Just found out that all of the following work:

printf( "%ls\n", "123" L"456" );
printf( "%ls\n", L"123" "456" );
printf( "%ls\n", L"123" L"456" );

The output is

123456
123456
123456

Why can I freely mix and match wide and narrow string literals to get a wide string literal as a result? Is that a documented behavior?

up vote 8 down vote accepted

Is that a documented behavior?

Yes, this behavior is supported by the standard, from section 6.4.5 String literals paragrph 4 of the C99 draft standard says (emphasis mine):

In translation phase 6, the multibyte character sequences specified by any sequence of adjacent character and wide string literal tokens are concatenated into a single multibyte character sequence. If any of the tokens are wide string literal tokens, the resulting multibyte character sequence is treated as a wide string literal; otherwise, it is treated as a character string literal.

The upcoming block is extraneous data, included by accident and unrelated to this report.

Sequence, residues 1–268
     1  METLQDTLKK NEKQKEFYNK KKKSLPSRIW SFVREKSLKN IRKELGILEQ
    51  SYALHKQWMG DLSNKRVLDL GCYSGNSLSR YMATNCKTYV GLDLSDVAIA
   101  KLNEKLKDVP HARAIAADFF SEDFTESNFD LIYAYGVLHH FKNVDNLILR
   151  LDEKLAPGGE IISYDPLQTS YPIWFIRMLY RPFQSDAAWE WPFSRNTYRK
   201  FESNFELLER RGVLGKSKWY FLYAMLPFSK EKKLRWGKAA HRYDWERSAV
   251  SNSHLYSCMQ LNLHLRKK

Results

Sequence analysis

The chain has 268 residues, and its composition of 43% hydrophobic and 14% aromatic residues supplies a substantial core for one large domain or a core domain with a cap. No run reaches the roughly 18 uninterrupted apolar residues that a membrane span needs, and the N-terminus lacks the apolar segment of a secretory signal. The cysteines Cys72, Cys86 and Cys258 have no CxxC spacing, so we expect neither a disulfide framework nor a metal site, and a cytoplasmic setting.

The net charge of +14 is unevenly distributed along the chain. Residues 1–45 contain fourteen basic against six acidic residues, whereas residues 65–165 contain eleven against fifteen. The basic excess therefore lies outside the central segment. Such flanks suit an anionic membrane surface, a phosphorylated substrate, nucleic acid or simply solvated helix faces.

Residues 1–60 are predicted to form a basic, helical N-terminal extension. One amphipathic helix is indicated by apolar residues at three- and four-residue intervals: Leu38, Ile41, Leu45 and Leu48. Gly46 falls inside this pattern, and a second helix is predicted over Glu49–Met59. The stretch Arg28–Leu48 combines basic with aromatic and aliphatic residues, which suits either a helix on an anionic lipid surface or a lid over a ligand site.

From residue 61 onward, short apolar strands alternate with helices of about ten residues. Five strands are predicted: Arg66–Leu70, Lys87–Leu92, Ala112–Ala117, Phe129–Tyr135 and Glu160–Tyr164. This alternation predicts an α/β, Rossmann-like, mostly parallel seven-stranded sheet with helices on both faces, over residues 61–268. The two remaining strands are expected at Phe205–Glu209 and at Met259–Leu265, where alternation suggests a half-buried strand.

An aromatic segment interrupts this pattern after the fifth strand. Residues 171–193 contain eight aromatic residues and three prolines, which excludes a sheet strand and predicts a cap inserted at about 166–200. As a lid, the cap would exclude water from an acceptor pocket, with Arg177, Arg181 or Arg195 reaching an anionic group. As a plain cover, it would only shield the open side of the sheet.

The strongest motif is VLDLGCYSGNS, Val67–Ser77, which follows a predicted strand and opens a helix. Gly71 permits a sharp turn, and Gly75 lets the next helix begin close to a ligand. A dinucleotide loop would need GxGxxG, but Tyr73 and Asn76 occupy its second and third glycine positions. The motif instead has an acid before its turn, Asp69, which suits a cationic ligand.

6.4.5 String literals

In translation phase 6, the multibyte character sequences specified by any sequence of adjacent character and wide string literal tokens are concatenated into a single multibyte character sequence. If any of the tokens are wide string literal tokens, the resulting multibyte character sequence is treated as a wide string literal; otherwise, it is treated as a character string literal.

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